Silver Member
Sep 8, 2014
trapped on the earthly plane of causation
Primary Interest:
All Treasure Hunting


Gold Member
Jan 8, 2013
N.of , I-285...GA
Detector(s) used
Whites Spc xlt & Tesoro Tejon- Now back ...Fisher 1266-X. TRX Pointer. New .Teknetics G2 + . New AT Pro .
Primary Interest:
All Treasure Hunting
I have acquired about ten or twelve pounds of cupronickel from a marine application and am wondering what it might be worth to a scrapyard. Also, is there any way to determine the ballpark nickle content as it would certainly affect value. Thanks.

Try to go to a Larger Yard that has a Handheld Analyzer , that will give a correct percentage of each metal in your C.U.N..


Jr. Member
Oct 21, 2017
Detector(s) used
Do not use, I specialize in e-scrap
Primary Interest:
Actually there are several elements that are (can be) added to Cu-Ni, it just depends on what the intended use of the ally is. Some of the more common elements you might find in Cu-Ni include: manganese, iron, tin, niobium, silicon, chromium, beryllium and aluminum, titanium, zinc (1% maximum). There are others but these are the most common.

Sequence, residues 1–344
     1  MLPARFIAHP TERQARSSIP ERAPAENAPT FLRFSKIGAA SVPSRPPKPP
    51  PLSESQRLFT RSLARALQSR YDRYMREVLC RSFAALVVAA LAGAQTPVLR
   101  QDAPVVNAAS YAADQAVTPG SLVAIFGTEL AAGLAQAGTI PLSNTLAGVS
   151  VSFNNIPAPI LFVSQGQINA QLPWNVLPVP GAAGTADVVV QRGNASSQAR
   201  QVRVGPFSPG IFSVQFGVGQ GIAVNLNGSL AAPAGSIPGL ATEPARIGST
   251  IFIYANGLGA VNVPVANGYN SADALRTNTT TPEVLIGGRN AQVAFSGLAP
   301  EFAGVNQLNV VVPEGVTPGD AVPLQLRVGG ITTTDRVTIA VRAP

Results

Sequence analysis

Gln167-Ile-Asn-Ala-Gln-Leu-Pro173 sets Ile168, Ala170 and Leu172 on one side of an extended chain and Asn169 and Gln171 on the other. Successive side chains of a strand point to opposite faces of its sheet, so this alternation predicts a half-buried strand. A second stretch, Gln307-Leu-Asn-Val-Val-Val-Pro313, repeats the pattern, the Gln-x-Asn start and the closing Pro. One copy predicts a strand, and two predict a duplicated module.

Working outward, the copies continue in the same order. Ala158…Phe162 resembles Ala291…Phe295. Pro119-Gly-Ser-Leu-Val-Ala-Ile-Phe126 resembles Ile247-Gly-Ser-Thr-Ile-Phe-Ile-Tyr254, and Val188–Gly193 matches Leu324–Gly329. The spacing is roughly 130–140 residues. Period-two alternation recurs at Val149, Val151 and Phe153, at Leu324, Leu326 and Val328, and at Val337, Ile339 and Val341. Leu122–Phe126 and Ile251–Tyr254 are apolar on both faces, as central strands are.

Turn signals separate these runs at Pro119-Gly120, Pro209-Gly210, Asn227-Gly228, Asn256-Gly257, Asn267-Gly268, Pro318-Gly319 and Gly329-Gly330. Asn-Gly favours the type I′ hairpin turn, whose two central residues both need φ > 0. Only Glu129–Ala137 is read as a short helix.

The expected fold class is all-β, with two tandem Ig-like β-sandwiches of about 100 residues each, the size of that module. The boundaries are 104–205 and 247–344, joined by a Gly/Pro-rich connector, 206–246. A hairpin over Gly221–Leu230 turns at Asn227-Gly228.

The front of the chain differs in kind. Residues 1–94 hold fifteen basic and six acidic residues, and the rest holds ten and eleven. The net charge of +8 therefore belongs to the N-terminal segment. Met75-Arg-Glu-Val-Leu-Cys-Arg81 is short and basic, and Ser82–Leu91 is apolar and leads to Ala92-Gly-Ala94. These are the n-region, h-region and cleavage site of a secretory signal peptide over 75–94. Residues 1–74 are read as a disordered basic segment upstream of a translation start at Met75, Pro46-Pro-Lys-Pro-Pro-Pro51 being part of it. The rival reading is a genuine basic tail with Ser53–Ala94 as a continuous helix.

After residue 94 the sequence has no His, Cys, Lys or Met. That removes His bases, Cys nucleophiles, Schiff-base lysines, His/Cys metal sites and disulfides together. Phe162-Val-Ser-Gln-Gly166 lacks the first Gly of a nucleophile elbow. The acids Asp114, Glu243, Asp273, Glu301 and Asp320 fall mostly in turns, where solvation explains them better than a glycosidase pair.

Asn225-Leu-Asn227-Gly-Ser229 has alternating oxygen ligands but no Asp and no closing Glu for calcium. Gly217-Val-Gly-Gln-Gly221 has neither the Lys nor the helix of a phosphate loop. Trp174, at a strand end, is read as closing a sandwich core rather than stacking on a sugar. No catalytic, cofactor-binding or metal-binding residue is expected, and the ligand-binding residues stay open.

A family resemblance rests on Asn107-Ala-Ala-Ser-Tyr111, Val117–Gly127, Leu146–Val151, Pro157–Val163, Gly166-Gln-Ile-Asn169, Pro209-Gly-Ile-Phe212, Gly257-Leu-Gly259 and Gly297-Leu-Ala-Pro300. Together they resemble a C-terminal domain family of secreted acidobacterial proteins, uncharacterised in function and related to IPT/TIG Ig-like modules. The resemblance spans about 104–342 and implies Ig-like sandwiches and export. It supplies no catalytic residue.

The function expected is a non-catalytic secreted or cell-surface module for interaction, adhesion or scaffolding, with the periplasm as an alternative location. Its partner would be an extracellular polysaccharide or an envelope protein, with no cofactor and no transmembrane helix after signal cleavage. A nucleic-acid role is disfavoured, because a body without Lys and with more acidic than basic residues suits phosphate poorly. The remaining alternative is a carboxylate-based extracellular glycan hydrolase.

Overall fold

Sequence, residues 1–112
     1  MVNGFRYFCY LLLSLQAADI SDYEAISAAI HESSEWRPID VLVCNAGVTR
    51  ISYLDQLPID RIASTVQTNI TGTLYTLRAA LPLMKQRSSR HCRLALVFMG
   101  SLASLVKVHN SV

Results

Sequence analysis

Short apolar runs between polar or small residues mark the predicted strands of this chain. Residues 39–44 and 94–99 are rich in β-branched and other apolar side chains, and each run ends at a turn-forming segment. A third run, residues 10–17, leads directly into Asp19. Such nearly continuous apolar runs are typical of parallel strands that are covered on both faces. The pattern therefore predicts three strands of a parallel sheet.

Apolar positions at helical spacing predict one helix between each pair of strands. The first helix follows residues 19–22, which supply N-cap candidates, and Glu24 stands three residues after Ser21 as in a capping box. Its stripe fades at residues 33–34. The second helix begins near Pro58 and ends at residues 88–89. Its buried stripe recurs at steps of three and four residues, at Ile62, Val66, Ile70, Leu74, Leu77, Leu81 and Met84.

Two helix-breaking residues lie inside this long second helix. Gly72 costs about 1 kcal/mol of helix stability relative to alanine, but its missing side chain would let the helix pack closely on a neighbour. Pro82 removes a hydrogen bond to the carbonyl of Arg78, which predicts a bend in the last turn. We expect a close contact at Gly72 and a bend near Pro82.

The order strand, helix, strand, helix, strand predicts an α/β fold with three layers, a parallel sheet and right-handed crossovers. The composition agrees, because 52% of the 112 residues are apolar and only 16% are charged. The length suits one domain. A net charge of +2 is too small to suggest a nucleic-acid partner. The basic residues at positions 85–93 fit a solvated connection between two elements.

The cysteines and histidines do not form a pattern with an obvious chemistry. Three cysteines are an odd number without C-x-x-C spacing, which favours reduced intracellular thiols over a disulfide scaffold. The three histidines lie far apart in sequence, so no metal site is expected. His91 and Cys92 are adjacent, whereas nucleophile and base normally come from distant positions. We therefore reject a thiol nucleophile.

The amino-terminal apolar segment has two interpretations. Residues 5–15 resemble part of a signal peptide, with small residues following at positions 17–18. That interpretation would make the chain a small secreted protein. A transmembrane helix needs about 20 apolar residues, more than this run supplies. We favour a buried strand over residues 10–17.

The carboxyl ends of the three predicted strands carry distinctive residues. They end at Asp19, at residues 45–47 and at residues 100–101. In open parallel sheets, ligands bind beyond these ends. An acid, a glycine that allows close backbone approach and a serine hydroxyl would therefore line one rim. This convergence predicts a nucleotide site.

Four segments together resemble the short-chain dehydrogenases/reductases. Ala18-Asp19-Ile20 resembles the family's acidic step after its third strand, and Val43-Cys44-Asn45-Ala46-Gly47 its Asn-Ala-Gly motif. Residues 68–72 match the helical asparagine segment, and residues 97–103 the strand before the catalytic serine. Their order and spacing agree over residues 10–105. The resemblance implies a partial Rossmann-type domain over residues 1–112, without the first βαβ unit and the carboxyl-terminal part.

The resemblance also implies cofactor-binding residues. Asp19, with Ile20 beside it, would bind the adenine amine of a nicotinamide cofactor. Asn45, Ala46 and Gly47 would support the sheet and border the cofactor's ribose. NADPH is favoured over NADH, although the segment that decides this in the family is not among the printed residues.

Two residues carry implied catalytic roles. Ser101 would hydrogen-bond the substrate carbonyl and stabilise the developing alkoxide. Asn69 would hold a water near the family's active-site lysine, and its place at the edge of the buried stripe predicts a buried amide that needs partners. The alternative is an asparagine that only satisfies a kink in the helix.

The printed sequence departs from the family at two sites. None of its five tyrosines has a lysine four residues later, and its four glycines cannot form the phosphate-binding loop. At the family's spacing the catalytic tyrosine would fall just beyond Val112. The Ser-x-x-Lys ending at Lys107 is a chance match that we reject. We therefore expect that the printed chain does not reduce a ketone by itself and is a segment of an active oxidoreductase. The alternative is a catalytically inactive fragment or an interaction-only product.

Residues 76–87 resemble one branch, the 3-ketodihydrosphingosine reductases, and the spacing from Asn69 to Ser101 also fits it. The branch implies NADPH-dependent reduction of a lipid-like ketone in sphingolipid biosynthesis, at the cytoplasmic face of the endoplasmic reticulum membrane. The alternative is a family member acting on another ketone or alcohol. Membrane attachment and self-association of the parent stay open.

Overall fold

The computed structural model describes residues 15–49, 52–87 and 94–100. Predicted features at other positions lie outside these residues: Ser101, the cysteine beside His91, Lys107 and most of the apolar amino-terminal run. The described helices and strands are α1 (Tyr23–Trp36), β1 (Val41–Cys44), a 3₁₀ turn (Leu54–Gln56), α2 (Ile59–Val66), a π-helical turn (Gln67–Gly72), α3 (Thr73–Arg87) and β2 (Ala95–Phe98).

Nickel has a marked effect on the color of Cu-Ni alloys. The copper color becomes lighter as nickel is added. Alloys are almost silvery white from about 15% nickel. The lustre and purity of the color increases with nickel content. From about 40% nickel, a polished Cu-Ni surface can hardly be distinguished from that of silver.

Cu-Ni alloys are corrosion resistant copper alloys. They are resistant to moisture, non-oxidizing acids, alkalis, salt solutions, organic acids and to gases such as oxygen, chlorine, hydrogen chloride, hydrogen fluoride, sulfur dioxide and carbon dioxide.

Top Member Reactions

Users who are viewing this thread